87th Texas Legislature

Group of Abortion-Related Bills, Including ‘Heartbeat Bill,' Advance Out of Texas Senate

Final passage of the bills came Tuesday afternoon

NBCUniversal, Inc.

Several bills pertaining to abortion, including the so-called "heartbeat bill," were passed by Texas Senate Monday. They now go to the state House.

“We wanted to find a way to protect innocent human life," said Sen. Bryan Hughes (R-Mineola), who filed the bill. "You think about what the government's job is: we work on a lot of important things, but protecting innocent human life is fundamental."

Senate Bill 8 would ban an abortion after a heartbeat is detected, with exceptions in the case of the health of the mother, but not for rape or incest. Similar heartbeat bills have been passed in other states but have been challenged in the courts. Hughes said he believes the Texas bill is written to survive those challenges.

“We believe this bill is going to take effect right away and is going to be upheld by the Supreme Court,” Hughes said.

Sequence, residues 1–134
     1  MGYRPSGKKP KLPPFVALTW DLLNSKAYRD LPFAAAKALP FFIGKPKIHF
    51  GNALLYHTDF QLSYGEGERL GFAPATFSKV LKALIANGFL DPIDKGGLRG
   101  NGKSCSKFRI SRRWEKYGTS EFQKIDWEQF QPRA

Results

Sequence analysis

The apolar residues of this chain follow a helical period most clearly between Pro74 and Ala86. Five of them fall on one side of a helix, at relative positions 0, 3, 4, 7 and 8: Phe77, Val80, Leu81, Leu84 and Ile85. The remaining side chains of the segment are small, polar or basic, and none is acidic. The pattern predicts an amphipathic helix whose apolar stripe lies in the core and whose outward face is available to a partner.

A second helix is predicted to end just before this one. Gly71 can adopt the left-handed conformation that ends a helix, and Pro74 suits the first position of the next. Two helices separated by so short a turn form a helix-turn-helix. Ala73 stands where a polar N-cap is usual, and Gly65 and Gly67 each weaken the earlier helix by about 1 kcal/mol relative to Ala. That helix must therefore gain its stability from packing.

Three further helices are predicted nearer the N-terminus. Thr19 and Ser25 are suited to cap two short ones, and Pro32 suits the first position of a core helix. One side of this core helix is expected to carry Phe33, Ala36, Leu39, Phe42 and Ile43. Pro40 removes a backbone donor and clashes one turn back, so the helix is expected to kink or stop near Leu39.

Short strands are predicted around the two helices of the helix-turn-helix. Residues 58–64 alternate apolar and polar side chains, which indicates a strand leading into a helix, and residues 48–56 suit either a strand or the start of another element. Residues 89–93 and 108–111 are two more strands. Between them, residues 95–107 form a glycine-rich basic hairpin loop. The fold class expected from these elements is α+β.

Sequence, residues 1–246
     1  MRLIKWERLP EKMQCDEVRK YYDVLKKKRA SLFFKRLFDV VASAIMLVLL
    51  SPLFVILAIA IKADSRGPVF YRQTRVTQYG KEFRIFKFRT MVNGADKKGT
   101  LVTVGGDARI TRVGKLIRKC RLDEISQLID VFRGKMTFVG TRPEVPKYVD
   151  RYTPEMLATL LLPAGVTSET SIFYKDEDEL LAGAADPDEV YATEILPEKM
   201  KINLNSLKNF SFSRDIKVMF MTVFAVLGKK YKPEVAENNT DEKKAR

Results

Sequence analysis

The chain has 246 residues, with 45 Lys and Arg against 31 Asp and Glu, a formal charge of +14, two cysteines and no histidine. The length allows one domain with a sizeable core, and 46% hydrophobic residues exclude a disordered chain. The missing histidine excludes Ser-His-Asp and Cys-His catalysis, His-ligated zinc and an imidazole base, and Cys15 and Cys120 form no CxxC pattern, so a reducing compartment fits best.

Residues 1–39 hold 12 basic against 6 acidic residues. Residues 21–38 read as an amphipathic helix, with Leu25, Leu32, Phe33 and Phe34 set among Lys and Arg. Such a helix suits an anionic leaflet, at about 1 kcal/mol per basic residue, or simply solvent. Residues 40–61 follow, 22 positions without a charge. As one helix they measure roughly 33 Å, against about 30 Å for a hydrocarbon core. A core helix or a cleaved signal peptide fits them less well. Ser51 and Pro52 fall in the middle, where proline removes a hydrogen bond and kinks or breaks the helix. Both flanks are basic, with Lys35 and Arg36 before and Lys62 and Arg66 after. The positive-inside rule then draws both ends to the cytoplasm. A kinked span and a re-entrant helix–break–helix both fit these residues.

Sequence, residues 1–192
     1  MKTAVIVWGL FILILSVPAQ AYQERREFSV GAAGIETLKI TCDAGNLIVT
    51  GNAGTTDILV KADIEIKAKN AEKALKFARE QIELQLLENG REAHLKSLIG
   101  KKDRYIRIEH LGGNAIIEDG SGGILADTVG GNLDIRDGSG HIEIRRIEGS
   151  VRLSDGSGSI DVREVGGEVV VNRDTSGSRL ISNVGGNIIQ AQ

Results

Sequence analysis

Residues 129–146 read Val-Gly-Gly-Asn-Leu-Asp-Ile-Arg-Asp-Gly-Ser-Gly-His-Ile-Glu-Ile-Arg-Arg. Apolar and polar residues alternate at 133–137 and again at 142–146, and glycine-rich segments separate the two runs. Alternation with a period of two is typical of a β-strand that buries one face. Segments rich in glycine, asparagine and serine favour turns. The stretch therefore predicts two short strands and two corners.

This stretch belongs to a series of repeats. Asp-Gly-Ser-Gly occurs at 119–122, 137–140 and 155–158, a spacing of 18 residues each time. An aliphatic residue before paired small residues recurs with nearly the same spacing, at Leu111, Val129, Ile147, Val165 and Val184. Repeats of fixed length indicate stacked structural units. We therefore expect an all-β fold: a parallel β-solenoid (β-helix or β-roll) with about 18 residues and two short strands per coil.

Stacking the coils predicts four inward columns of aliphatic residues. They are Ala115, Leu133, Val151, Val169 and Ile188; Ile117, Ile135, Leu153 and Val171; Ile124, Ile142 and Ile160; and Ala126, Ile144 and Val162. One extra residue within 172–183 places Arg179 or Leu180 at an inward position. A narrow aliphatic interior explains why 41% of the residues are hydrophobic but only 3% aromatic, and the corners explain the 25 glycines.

Senate Bill 8 was one of seven bills pertaining to abortion in front of the Senate.

Planned Parenthood Texas Votes, the policy arm of the organization, called the bills some of the most extreme in the country.

“Dan Patrick’s extreme political agenda is not what Texans need or want right now. In fact, the majority of Texans support access to safe, legal abortion," Planned Parenthood Texas Votes Executive Director Dyana Limon-Ricardo said in a statement. "Texans believe that abortion should be accessible. Nobody should face fear, stigma or unnecessary barriers when seeking out reproductive health care, including abortion care and deciding on how to plan their families. Texans are still recovering from a deadly natural disaster in the middle of a pandemic while Dan Patrick and some in the legislature are wasting time trying to ban abortion, further jeopardizing people's well-being. “

State Sen. Nathan Johnson (D-Dallas) spoke on the Senate floor about the bills.

“It’s all presented in the name of a moral cause that I think disregards the moral cause on the other side of the debate, and I think that's what so difficult for those of us who do want to uphold a woman’s right to govern her own productivity," Johnson said. " There is a moral case on that side as well."

The bills will move to the Texas House for debate and vote next month.

Contact Us